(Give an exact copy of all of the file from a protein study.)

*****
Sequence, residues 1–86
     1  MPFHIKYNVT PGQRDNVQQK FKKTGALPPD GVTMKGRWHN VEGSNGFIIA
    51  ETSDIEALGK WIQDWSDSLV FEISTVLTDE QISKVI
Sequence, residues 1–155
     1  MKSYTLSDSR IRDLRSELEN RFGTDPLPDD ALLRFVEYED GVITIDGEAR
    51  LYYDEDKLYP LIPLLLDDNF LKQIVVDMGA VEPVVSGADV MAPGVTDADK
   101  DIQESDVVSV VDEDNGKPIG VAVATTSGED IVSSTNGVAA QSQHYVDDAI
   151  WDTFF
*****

Sequence, residues 1–86
     1  MPFHIKYNVT PGQRDNVQQK FKKTGALPPD GVTMKGRWHN VEGSNGFIIA
    51  ETSDIEALGK WIQDWSDSLV FEISTVLTDE QISKVI
Sequence, residues 1–155
     1  MKSYTLSDSR IRDLRSELEN RFGTDPLPDD ALLRFVEYED GVITIDGEAR
    51  LYYDEDKLYP LIPLLLDDNF LKQIVVDMGA VEPVVSGADV MAPGVTDADK
   101  DIQESDVVSV VDEDNGKPIG VAVATTSGED IVSSTNGVAA QSQHYVDDAI
   151  WDTFF